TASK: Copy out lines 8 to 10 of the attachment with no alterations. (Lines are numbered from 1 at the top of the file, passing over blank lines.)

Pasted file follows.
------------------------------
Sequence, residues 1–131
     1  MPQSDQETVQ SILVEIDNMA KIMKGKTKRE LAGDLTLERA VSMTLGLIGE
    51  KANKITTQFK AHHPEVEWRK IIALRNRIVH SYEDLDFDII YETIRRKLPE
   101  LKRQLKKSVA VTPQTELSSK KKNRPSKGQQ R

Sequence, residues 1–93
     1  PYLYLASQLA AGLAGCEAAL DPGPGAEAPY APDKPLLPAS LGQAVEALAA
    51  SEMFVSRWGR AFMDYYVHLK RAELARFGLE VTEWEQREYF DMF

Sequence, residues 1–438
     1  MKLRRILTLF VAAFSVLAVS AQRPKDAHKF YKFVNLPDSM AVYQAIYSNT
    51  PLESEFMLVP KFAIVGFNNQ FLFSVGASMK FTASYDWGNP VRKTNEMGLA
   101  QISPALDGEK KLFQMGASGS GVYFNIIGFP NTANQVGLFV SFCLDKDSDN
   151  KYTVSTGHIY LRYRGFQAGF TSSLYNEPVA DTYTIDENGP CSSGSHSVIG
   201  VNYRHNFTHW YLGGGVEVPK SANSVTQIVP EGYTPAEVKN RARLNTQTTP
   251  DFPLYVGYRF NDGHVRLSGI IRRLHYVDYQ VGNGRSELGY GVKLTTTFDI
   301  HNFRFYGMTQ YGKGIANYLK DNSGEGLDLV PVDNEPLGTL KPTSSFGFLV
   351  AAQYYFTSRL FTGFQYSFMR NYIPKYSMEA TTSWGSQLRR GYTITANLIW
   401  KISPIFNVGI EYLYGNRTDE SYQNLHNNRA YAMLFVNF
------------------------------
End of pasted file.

Sequence, residues 1–438
     1  MKLRRILTLF VAAFSVLAVS AQRPKDAHKF YKFVNLPDSM AVYQAIYSNT
    51  PLESEFMLVP KFAIVGFNNQ FLFSVGASMK FTASYDWGNP VRKTNEMGLA